- Incidents are treated independently from business-as-usual work requirements: Most workplaces have ‘to-do’ lists of work and a separate ‘to-do’ list of incidents. These are two separate lists, but both need to be worked on. When pressure increases in the workplace, the lists of incidents tend to be left behind because the list of day-to-day work takes priority. But, the list of incidents still needs to be addressed, so you end up falling behind.
- Fights over resources: Planning resources is a way to ensure that everyone gets what they need. With low visibility over a project, it becomes more difficult to plan and distribute resources where they are needed. You may see ‘fights’ between managers over resources or the uneven distribution of resources. You may encounter requests for more resources from managers who feel like they need more. A couple of extra people to help on a project may seem like it could get the project back on track. However, it would require them to manage resources across more people and keep track of more workloads, essentially making things worse. You see managers becoming stressed, burned out, and a little too shouty. While their teams become frustrated and stressed along with them. Usually, resources are often engaged too late or too early in a delivery process, which results in poor scheduling and overall ineffective time utilisation.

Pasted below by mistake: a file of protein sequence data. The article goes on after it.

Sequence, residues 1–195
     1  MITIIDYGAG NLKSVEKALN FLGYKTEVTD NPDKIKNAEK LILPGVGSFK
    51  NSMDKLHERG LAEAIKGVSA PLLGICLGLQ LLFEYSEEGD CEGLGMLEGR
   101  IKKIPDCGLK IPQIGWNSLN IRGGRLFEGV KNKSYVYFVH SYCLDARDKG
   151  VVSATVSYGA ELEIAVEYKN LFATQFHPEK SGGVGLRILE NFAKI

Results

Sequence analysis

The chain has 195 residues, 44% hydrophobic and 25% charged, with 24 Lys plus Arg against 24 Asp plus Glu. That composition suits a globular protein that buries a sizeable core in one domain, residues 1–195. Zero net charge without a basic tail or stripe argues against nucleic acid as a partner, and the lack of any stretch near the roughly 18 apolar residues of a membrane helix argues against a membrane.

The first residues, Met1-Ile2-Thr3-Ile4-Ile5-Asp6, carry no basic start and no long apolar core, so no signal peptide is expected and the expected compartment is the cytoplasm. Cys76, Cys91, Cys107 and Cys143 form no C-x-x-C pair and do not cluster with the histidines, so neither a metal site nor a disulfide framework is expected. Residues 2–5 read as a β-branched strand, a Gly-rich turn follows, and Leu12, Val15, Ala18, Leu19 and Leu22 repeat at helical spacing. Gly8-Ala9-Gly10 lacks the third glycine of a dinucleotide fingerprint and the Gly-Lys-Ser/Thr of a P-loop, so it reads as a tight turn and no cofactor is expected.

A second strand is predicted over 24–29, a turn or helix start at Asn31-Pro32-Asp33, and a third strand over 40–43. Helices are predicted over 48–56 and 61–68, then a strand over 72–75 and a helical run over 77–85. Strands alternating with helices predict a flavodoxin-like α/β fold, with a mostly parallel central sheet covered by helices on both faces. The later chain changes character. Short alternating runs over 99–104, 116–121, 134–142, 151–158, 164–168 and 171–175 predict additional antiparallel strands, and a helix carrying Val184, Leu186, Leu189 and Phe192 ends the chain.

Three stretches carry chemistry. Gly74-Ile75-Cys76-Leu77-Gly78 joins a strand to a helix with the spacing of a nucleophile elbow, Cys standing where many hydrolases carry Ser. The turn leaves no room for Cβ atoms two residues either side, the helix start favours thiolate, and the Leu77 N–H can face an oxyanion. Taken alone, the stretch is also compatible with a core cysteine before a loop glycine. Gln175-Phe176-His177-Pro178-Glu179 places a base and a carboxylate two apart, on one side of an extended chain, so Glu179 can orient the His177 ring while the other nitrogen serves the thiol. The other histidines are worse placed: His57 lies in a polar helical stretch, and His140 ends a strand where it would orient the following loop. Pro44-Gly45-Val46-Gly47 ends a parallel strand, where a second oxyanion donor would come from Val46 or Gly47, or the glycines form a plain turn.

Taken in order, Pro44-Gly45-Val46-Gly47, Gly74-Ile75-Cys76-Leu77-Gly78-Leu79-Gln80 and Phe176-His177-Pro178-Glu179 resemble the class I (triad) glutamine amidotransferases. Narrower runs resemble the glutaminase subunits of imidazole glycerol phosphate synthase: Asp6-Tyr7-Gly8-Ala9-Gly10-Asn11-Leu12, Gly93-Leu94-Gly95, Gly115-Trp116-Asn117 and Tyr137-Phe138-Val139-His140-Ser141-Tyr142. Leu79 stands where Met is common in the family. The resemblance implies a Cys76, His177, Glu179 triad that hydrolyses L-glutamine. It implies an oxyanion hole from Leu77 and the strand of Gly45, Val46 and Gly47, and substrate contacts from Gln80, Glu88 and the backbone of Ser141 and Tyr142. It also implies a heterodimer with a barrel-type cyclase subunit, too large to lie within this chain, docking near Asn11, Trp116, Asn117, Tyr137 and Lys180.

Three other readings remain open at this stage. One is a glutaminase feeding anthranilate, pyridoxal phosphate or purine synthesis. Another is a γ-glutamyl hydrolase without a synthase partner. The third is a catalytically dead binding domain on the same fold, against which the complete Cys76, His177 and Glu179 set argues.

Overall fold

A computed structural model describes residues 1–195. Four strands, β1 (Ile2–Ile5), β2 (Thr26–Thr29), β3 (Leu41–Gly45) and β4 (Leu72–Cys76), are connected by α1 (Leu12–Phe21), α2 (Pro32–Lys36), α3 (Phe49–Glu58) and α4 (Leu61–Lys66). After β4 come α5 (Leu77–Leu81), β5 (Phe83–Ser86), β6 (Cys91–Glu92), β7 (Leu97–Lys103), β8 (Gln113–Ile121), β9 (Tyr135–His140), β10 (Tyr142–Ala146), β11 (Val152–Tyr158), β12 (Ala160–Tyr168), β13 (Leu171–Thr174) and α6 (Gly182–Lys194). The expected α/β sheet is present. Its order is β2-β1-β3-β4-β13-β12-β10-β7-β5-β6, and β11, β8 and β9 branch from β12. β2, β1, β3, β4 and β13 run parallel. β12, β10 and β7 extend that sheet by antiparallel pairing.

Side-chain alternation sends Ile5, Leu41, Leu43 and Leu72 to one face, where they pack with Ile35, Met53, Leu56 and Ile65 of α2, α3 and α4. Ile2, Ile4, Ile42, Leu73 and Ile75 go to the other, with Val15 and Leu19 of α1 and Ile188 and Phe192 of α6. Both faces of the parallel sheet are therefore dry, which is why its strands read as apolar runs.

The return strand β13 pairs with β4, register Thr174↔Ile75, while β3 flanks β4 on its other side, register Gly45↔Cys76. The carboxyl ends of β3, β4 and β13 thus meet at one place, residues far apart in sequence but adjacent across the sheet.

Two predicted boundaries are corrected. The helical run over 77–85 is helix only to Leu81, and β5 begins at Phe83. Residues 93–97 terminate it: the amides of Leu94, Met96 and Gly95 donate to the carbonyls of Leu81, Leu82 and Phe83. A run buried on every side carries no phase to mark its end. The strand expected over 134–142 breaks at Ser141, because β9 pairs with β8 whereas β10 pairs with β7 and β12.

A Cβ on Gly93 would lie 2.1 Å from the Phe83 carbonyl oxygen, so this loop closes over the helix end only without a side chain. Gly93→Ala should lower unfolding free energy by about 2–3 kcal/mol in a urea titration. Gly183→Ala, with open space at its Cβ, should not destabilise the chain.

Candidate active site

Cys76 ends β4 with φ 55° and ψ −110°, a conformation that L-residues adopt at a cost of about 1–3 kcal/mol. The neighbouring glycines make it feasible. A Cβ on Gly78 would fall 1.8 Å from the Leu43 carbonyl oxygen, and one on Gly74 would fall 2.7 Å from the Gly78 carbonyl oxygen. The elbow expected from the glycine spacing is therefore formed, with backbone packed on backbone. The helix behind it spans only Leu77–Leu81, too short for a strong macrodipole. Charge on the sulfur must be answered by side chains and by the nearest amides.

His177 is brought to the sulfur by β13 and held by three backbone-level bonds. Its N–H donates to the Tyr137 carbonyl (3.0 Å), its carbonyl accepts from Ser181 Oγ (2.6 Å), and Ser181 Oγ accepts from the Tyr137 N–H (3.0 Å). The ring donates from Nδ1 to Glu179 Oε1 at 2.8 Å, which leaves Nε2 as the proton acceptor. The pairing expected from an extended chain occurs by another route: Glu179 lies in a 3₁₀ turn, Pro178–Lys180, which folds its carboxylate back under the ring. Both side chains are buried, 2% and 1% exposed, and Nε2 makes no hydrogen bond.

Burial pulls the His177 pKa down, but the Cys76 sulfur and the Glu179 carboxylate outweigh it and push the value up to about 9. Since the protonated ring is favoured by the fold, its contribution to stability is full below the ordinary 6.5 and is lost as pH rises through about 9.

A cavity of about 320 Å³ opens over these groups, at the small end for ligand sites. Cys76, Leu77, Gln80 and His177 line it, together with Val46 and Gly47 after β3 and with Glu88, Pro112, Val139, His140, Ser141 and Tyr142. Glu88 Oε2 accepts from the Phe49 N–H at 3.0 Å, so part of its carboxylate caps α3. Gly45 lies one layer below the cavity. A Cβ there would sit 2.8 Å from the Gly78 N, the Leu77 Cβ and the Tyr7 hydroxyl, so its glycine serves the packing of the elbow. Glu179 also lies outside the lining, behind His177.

To ensure that a project runs as smoothly as it can, and all parties are happy with the result, you need the means to track the progress of projects, as well as individuals, keep milestones visible, detect and document risks early, and make information accessible by all parties. And for this you need a software system that enables you to do it all.
WHAT IS A PRODUCTIVITY HEALTH CHECK?
Productivity Health Check is an assessment of your current software solution and processes, to identify areas of improvement, as well as risk and exposure.
The assessment is conducted via a quick online assessment, after which you will be provided with a detailed report outlining how you rate against the rest of the industry and suggestions on where to focus your productivity initiatives for best results!